|Publication number||US4021269 A|
|Application number||US 05/635,368|
|Publication date||May 3, 1977|
|Filing date||Nov 26, 1975|
|Priority date||Nov 26, 1975|
|Also published as||DE2653311A1|
|Publication number||05635368, 635368, US 4021269 A, US 4021269A, US-A-4021269, US4021269 A, US4021269A|
|Inventors||Thomas R. Anthony, Mike F. Chang, Harvey E. Cline|
|Original Assignee||General Electric Company|
|Export Citation||BiBTeX, EndNote, RefMan|
|Patent Citations (3), Referenced by (8), Classifications (24)|
|External Links: USPTO, USPTO Assignment, Espacenet|
This invention relates to semiconductor devices and, more particularly, to steps useful in the manufacture of semiconductor devices by temperature gradient zone melting.
The temperature gradient zone melting process is carried out by selectively depositing an impurity on a body of semiconductor material and exposing the body to a temperature gradient while the entire body is maintained at a preselected elevated temperature. Typically, if the temperature of the body is in excess of about 800° or 900° C., a temperature gradient of a few degrees to a few hundred degrees will cause the impurity to migrate through the body, from cold to hot, leaving in its path a recrystallized region doped to the solid solubility limit of the impurity in the semiconductor wafer at the migration temperature. As a specific example, migration of aluminum through a semiconductor wafer approximately 16 mils thick at 1200° C. with a gradient of about 5° across the wafer will take place in 5 to 10 minutes.
For further background information relating to temperature gradient zone melting, reference is made to U.S. Pat. No. 3,899,362 issued to H. E. Cline et al and U.S. patent application Ser. No. 578,807 filed May 19, 1975, in the name of John K. Boah and entitled, "Temperature Gradient Zone Melting Utilizing Infrared Radiation," both assigned to the present assignee.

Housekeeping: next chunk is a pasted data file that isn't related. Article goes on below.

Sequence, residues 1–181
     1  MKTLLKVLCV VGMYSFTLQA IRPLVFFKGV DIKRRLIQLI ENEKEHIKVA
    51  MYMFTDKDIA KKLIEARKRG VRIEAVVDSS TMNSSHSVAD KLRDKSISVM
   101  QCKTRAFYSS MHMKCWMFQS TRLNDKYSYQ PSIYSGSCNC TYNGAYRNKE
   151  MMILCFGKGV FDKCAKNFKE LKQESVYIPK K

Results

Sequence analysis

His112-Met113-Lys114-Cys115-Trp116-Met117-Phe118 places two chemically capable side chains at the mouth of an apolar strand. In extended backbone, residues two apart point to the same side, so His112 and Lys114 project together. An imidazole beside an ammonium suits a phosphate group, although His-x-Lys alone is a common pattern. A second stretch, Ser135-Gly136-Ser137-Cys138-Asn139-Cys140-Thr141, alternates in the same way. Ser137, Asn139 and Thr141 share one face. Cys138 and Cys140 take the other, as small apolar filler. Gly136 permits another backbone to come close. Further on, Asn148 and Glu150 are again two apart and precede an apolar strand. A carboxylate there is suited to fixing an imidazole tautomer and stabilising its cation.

A problem occasionally encountered during the manufacture of semiconductor devices by temperature gradient zone melting is that the body of impurity material sometimes breaks up during migration. This gives rise to two distinct effects. The first effect can occur when forming large area regions by migrating a wire through a semiconductor wafer. If the wire breaks into two shorter sections, a nondoped region will be formed and the desired large planar region will actually be two smaller continuous planar regions.
The second effect occurs when small particles of the impurity material become separated from the main body thereof during migration. Smaller bodies of material migrate more slowly and thus may still be disposed inside the semiconductor wafer at the termination of migration. If a particle of the metallic impurity remains at or near a P/N junction, it can short the junction or substantially increase the junction leakage current.
These problems do not generally occur, but when they do, device yield suffers. Semiconductor manufacturing is an extremely competitive, cost-conscious industry, and thus, higher yields are constantly being sought.
It is an object of this invention, therefore, to provide a process that is compatible with temperature gradient zone melting procedures and alleviates the aforementioned problems.
This invention is characterized by a technique useful in the manufacture of semiconductor devices when temperature gradient zone melting is employed. First, a body of semiconductor material is supplied. The body, commonly a wafer, has distributed therethrough an impurity which imparts one conductivity type. At least one region of the opposite conductivity type is formed in the wafer by migrating a quantity of a second dopant material therethrough by temperature gradient zone melting. Consequently, a P/N junction is defined between the region of the opposite conductivity type and the surrounding semiconductor material. Next, the wafer is subjected to a diffusion cycle which improves the properties of the P/N junction and makes it more uniform.
As stated above, small particles of the second impurity will occasionally become separated from the mass thereof, and, due to the slower migration rates of smaller bodies, they may become occluded in the semiconductor wafer. The present invention alleviates resulting problems because the diffusion cycle forms a region of the second conductivity type completely surrounding the particle of impurity. Thus, the occluded impurity is electrically separated from all P/N junctions.
When two contiguous planar regions of the second conductivity type are formed due to a discontinuity in a migrating wire as described above, the subject invention is also effective. The diffusion cycle of the subject invention causes outdiffusion in all directions from the planar regions, and thus, the small separation between the two contiguous regions is soon eliminated. It has been found that a diffusion cycle in the range of 4 to 16 hours at about 1200° C. is adequate to achieve the aforementioned objectives.